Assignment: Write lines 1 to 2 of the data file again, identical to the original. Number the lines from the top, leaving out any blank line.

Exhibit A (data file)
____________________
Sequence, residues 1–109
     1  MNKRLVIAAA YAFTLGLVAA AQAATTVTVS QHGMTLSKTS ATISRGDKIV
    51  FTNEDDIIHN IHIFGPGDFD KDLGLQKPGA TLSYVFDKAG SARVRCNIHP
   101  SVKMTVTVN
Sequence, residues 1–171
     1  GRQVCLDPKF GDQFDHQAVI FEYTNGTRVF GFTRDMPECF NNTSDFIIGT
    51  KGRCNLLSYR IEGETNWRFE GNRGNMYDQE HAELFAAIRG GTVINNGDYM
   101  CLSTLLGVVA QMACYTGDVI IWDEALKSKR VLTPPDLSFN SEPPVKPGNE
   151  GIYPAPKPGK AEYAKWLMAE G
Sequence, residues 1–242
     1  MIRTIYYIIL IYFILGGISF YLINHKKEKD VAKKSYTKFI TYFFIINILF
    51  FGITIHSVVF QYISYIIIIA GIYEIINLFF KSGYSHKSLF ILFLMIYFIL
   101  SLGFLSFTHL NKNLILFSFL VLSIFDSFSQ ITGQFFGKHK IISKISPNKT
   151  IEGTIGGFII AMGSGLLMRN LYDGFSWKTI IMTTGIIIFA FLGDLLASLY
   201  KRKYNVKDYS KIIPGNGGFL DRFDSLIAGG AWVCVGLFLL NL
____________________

Sequence, residues 1–109
     1  MNKRLVIAAA YAFTLGLVAA AQAATTVTVS QHGMTLSKTS ATISRGDKIV